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Jacobson and Garber Family

Solomon Jacobson was born in Mir around 1856. As a young man he left Mir and emigrated to the United States. He travelled on a ship called the Lizzard from Hamburg arriving the the U.S. on the 2nd day of November in 1884. It is likely that he was already married to Shoshana Davidson of Mir before he left home. He settled in Des Moines, Iowa. Many Jacobson cousins came to Iowa in the 1880s and later and lived in Des Moines. (See Jacobson family tree.)

Shoshana arrived in the US in 1886. Their daughter Lena/Elise was born in May 1888 in Des Moines. Their son David was born in April of 1890.

Solomon became a naturalized US citizen in 1890, making his wife and children citizens in the process. Records of Solomon Jacobson are found in Des Moines City Directories of Businesses in 1891 and 1892. Solomon died in 1895 and was buried in Glendale Cemetery in Des Moines Iowa. His wife, known in Des Moines as Susie Jacobson applied for a US Passport in 1896. She took Lena (age 8) and David (age 6) to live in Mir.

David Jacobson returned to the United States in 1907, at age 18. Two Ellis Island manifests indicate that he had been a clockmaker in Mir and that his mother was in Mir in 1907. He made contact with his cousin Joseph Jacobson, who was living in Brooklyn and had a fur business in New York City. David went on to Des Moines, Iowa. Some time later, he married, served in WWI and moved to Chicago. His family lost contact with other Jacobson relatives until 2014.

Elise Jacobson married Reuven Garber, a Mir rabbi who had came from Semyatitsh (now Siemiatycze, Poland [52°27' 22°53'] 164.3 miles WSW of Mir). They had three children, Zelda (born about 1910), Masha and Moshe. Both Elise and Reuven may have died in the 1919 influenza epidemic.

According to the family story, Shoshana Davidson Jacobson wanted to take her grandchildren to America after WWI. However, the Polish government would not issue permits for the children to leave with their grandmother. Shoshana stayed to raise for her grandchildren. The family lived in Mir and later in Baranovich. The girls married. Either Zelda or Masha had a son who was named after their father. Both girls, their husbands and children were murdered around 1942.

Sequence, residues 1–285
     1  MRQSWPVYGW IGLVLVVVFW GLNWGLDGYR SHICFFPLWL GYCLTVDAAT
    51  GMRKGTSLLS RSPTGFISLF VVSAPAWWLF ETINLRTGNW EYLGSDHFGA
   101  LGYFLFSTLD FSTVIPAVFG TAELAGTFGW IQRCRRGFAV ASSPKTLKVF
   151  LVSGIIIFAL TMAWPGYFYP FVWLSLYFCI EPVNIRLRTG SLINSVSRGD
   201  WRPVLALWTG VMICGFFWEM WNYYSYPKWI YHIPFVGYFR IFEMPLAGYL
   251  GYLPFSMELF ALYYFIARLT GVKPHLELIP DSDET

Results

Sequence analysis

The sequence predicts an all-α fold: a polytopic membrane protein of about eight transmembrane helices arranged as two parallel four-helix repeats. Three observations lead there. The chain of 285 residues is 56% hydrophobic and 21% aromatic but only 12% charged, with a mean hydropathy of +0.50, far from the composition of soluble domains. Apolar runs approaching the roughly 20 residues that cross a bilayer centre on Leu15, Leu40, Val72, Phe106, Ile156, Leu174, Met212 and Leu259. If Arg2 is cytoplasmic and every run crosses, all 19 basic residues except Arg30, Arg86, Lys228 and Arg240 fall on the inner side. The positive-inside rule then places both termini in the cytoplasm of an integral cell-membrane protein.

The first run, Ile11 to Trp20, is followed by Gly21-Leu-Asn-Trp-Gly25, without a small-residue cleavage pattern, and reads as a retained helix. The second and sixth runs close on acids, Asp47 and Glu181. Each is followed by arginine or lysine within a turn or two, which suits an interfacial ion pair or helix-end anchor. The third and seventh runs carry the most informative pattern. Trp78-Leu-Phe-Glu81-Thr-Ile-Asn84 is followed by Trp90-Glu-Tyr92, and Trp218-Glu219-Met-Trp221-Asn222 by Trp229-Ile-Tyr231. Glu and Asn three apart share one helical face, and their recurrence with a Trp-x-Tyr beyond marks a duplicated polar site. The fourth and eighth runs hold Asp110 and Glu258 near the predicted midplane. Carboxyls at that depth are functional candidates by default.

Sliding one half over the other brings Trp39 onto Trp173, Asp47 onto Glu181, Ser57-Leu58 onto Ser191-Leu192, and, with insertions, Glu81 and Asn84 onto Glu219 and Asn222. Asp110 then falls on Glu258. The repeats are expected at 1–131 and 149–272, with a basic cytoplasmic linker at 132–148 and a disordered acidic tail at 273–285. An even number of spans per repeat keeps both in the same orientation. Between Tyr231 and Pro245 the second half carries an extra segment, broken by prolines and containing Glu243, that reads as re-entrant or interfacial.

Moshe had joined the Polish army. He survived the war somewhere in Russia and eventually made his way to Israel. His children live in Israel. His grandchildren are in Israel and the United States.

Solomon Jacobson

Solomon Jacobson was born in Mir, Belarus in 1856. By 1891 he is listed in the Des Moines Iowa City Directory as having a business selling second hand goods. This photo was taken in Des Moines, Iowa
Jacobson Garber Family
Shoshana Davidson Jacobson with her grandchildren
Zelda, Moshe and Masha Garber. 1925.

Masha Garber 1933
Zelda Garber
Zelda Garber 1932
Moshe Garber
          Moshe Garber
Zelda Garber (center) with her cousins Hannah (left) and Maska Marmor in Siemiatycze/Semiatich Poland, July 7, 1925
Garber Family Home 
                               Jacobson-Garber home 1933
Wedding Day
Masha Garber & Aaron Yakomovetcki's Wedding Day 1938 in Baranovich, Poland
Shoshana Jacobson, Moshe Garber, Zelda Garber Stoler & Moshe Stoler,
Garber Stoler
Zelda Garber and her husband Moshe Stoler, Baranovich 1936
Reuven Garber Zelda and Reuven
Reuven Stoler and his mother Zelda Garber Stoler 1938-9
             Reuven Stoller May 5, 1939
Moshe in Polish Army
Moshe Garber in the Polish Army. He joined before June 1938. This photo is from January 1939
Garber letter
August 12, 1944. Letter from partisan to Moshe Garber
reporting that no one in his family survived.


All photos and most information provided by Leah Garber, daughter of Moshe Garber.
Additional details come from Pages of Testimony at Yad Vashem, a US Passport application and Ellis Island records,
obtained by Reeva Jacobson Kimble.


Updated April 2017


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